Welsh NHS waiting list continues to balloon with 50,000 waiting two years

The Labour-run NHS in Wales is continuing to rack-up a record-long treatment waiting list, with little improvement in A&E and ambulance waits.

Latest Welsh NHS data for December showed the highest ever number of patients waiting for treatment with 683,331 on patient pathways – over 14,000 more than September – leaving 1-in-5 Welsh people on the waiting list.

The number of people waiting over two years increased has jumped over 22,000 in just three months to nearly 50,000. The figures are likely get worse as the postponement of elective surgery across several health abords due to the Omicron variant is still being counted.

Median waiting times for that same month in Wales are more than double that of England (23.2 weeks compared to 10), while 1-in-4 Welsh patients are waiting over a year for treatment, compared to only 1-in-19 in England.

Additional figures showed a third (31.8%) of patients had to wait over the four hour target to be seen in A&E last month, worse than England and Scotland (25.7% and 25.6%, respectively). This is the fifth worst month for the Welsh NHS on record. The target to get 95% admittances seen in four hours has never been met in its 12-year existence.

Statistics also revealed that:

  • Betsi Cadwaladr Health Board, which covers North Wales, was the worst performing area in the nation against the four-hour A&E target, seeing only 63% in four hours;
  • Wrexham Maelor Hospital saw fewer than half its patients (49.1%) in four hours, making it the worst performing site in Wales;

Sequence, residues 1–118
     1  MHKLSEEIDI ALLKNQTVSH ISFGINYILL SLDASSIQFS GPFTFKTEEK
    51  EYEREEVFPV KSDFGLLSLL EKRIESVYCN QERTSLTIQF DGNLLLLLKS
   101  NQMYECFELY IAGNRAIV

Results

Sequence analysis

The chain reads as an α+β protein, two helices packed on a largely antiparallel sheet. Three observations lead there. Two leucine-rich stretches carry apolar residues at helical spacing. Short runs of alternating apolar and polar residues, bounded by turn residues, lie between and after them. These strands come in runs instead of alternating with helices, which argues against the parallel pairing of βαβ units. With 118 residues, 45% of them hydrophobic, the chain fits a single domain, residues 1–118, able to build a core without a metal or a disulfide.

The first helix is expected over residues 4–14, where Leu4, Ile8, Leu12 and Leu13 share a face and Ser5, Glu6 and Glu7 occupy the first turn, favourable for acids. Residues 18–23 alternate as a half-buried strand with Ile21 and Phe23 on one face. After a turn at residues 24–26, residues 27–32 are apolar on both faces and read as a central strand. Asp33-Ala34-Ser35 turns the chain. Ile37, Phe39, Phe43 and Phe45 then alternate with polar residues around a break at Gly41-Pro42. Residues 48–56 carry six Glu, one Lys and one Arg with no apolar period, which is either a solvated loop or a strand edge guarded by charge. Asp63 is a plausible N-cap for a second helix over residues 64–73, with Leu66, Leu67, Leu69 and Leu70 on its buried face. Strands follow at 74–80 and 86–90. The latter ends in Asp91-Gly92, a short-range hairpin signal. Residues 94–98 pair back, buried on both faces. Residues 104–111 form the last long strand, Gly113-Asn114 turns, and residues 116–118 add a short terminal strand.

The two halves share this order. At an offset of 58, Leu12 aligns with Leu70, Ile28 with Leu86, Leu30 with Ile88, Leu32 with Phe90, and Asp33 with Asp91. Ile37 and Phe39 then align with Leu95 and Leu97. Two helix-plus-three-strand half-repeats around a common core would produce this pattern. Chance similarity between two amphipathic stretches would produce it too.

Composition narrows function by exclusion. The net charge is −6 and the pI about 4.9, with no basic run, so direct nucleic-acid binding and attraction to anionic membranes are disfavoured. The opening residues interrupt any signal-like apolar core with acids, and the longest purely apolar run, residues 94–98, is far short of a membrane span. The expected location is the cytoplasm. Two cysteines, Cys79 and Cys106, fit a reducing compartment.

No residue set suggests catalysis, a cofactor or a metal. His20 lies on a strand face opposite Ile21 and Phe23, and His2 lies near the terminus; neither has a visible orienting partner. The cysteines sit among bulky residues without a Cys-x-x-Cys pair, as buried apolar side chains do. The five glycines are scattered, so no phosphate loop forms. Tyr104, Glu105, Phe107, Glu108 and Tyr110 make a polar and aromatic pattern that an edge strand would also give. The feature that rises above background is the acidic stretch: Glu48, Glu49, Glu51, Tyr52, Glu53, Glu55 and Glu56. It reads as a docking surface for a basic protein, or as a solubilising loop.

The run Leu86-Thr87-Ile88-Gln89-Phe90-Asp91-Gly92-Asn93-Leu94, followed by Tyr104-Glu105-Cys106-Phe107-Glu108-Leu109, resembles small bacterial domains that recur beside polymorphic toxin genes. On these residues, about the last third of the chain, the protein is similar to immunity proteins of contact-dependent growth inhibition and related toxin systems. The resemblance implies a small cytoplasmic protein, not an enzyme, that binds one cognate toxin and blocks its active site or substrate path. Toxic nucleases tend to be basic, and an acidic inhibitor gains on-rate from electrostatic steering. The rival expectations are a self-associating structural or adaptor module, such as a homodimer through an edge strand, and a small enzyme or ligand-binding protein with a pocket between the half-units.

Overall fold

• 8,998 patients waited over 12 hours in Welsh hospitals, 444 more than in December; and
  • Those aged over 85 spent an average of over eight hours to be seen in A&E –  the longest average wait since comparable data was first recorded in April 2012 for this age group

When it came to ambulance performance in January, only 52.5% of responses to immediately life-threatening calls arrived within eight minutes. The target of 65% of red-calls reaching their patient within eight minutes has not been reached in 18 months.

The slowest ambulances were in the Powys health board area with only 42.1% arriving within the eight-minute target, but three other health boards posted a figure under 50%.

Only 28.9% of amber call patients – which include strokes – were reached within 30 minutes. This was most acute in Cwm Taf Morgannwg with only a fifth of such calls arriving within half an hour.

The news comes on the same day the BBC has reported the case of a woman who is in extraordinary pain waiting for a hip operation.

In November, the NHS in Wales recorded its worst ever A&E waits and slowest ever ambulance response times.

Commenting, Welsh Conservative and Shadow Health Minister Russell George MS said:

“Every month, these figures only go to show how much work there is to be done to get our national health service into a fit state that works for patients and staff.

“It is undeniable that emergency and elective care waits have reached these heights because of the pandemic – showing there were plenty of harmful health consequences to restricting healthcare services – but we cannot just go back to what it was like before Covid either.

“The treatment waiting list was already at a record high two years ago, the longest-ever pre-Covid A&E waits were in 2019, NHS beds have been cut year-on-year by a third of what they were when Labour entered power, and there are still thousands of staff vacancies to fill.

“Under Labour, business as usual would be failure as usual.”

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